AspenTech and our implementation services ecosystem is helping customers on their supply chain digital transformation journeys. This month, I had the pleasure of catching up with Ann Bixby, Supply Chain Advisor and Team Leader in AspenTech’s Global Professional Services organization.
Ann is a highly sought-after expert in supply chain planning, scheduling and optimization. She was recently featured with her father Robert Bixby, in an INFORMS feature article.
Roch Gauthier (RG): Hello and welcome Ann. Please share with us a bit about yourself and your experience in delivering AspenTech Supply Chain Management (SCM) planning and scheduling optimization solutions.
Ann Bixby (AB): Thanks for the invitation, Roch. I’ve been delivering optimization solutions since I graduated from Northwestern University with an M.S. and Ph.D. in industrial engineering. I have been delivering AspenTech SCM planning and scheduling optimization solutions for close to 25 years across many industries including bulk chemicals, specialty chemicals, building materials and protein-focused foods.
RG: Our conversation today is focused on chemicals supply chain planning and optimization. AspenTech customers leverage planning optimization as a source of competitive advantage, giving them an edge in supply chain decision making. Chemicals companies have numerous complexities spanning sourcing, manufacturing and distribution that must absolutely be considered holistically during planning and optimization. Could you share some deeper insights with our readers based on your customer project experience?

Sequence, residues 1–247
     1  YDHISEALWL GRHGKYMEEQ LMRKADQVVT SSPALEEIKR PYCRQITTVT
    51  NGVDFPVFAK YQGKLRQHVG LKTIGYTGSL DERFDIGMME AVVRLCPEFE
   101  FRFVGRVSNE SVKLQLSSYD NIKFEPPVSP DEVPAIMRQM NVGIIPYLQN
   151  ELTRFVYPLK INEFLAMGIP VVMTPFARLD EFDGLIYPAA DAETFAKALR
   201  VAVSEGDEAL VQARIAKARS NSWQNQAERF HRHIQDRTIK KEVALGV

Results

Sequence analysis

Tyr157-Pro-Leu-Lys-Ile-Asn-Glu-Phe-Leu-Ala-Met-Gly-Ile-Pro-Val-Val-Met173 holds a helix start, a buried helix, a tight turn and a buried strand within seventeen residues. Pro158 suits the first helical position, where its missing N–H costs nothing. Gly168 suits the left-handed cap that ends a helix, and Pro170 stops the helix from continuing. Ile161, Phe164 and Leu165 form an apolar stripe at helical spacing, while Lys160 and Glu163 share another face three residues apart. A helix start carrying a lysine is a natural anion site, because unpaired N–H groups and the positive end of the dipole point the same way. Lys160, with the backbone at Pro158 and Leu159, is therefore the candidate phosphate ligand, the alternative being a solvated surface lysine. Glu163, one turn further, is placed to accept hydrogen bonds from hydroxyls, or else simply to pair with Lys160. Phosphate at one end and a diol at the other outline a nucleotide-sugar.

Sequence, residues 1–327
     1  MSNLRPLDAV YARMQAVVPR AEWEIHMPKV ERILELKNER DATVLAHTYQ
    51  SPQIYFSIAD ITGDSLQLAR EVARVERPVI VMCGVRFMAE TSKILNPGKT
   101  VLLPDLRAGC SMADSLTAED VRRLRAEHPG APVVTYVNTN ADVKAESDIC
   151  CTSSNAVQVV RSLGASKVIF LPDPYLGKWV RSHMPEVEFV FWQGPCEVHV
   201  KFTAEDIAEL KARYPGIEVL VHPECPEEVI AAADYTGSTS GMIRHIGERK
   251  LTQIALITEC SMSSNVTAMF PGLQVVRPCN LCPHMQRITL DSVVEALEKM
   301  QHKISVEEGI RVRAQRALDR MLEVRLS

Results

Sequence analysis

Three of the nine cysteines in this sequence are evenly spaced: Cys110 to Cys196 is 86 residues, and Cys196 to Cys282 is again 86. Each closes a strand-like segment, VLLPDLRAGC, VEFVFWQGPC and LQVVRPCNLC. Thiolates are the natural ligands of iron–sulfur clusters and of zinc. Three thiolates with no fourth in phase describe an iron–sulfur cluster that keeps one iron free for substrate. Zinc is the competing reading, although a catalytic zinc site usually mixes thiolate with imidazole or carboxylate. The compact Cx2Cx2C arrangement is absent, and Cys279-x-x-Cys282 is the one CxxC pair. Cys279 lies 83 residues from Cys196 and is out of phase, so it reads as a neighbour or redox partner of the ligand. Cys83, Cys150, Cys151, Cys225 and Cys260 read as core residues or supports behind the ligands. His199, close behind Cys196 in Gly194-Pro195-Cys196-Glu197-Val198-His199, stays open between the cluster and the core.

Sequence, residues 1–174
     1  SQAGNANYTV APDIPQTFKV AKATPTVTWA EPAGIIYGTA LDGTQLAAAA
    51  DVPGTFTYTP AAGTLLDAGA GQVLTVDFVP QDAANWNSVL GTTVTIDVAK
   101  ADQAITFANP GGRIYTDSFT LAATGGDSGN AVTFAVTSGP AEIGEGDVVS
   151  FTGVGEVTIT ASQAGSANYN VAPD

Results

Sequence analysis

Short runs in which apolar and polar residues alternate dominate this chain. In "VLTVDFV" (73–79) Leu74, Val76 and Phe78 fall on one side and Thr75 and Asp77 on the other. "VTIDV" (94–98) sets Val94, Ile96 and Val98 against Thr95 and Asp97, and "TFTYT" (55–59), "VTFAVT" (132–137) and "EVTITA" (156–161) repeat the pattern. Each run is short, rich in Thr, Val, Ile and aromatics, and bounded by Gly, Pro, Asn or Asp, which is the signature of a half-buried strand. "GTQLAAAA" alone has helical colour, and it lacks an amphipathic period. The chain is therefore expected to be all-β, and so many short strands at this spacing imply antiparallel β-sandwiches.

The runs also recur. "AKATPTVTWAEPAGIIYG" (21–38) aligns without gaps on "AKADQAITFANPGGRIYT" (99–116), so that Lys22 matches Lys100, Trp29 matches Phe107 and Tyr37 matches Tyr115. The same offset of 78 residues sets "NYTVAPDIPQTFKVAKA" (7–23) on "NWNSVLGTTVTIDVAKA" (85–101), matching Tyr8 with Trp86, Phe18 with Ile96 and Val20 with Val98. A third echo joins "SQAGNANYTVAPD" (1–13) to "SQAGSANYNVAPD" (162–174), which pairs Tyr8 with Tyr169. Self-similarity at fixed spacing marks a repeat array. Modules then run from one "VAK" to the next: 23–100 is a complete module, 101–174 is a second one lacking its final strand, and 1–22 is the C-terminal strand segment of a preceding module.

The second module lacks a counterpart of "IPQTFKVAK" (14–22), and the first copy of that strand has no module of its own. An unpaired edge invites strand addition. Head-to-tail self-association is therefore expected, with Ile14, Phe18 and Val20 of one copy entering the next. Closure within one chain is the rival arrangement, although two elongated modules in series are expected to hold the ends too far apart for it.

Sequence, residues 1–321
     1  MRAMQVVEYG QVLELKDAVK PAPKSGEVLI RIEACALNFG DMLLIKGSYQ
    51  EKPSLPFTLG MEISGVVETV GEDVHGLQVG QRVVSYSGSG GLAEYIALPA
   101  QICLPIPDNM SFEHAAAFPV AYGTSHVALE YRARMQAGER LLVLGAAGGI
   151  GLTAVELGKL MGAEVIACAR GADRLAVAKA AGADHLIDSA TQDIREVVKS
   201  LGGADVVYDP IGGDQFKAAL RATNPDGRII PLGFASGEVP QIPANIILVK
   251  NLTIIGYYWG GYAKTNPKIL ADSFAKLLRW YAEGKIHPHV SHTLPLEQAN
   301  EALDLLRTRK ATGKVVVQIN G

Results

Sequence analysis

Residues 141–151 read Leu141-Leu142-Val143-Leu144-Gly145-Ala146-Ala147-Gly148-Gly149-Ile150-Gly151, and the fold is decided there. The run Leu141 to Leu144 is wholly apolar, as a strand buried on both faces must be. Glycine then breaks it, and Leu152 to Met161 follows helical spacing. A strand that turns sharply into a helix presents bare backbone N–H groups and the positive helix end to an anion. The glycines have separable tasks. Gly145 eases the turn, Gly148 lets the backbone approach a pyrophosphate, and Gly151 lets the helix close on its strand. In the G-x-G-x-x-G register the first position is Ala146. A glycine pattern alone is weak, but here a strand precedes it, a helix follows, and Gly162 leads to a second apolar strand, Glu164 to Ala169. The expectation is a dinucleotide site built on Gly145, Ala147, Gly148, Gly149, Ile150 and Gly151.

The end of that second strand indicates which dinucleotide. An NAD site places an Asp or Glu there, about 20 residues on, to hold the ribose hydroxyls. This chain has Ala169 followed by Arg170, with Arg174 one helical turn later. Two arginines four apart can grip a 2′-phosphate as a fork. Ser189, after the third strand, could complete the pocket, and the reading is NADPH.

AB: One global chemicals client I work with has a supply chain consisting of approximately ten manufacturing sites and numerous third-party warehouses spanning North America, Europe and Asia. Their supply chain was designed with flexibility and optionality in mind to improve overall resiliency and profitability. I was involved in a project where we implemented the Aspen Supply Chain Planner™, Aspen Plant Scheduler™ and Aspen Schedule Explorer™ solutions to help them boost the performance of their end-to-end chemicals supply chain.
A key complexity that needed to be tackled was the vast number of interdependent decisions related to options, pathways and constraints that their supply planner needed to consider every month, in support of the company’s Integrated Business Planning (IBP) process. This is due to the company’s multi-products, multi-stages of production and multi-sites manufacturing processes. This means that they may produce an intermediate material in one location or region and then ship it to other locations or regions for further processing to make different finished products for their customers.
Their supply planner is also responsible for creating and updating key supply chain reports and communicating this to corporate and manufacturing colleagues. One example of a key report is the overall planned production volumes for the upcoming months, for all their production sites. An example of a critical exception report is to give visibility to all products planned to be shipped out of a location that is not the “preferred” one.
Today, their supply planner no longer needs to manually work through and juggle all these possible options. They are now leveraging Aspen Supply Chain Planner’s powerful optimization capabilities to effectively consider all the options, pathways and constraints holistically. The system automatically determines the best possible plan to maximize profits across the planning horizon. In addition, all key planned production and exceptions reports are automatically generated and updated thanks to AspenTech SCM.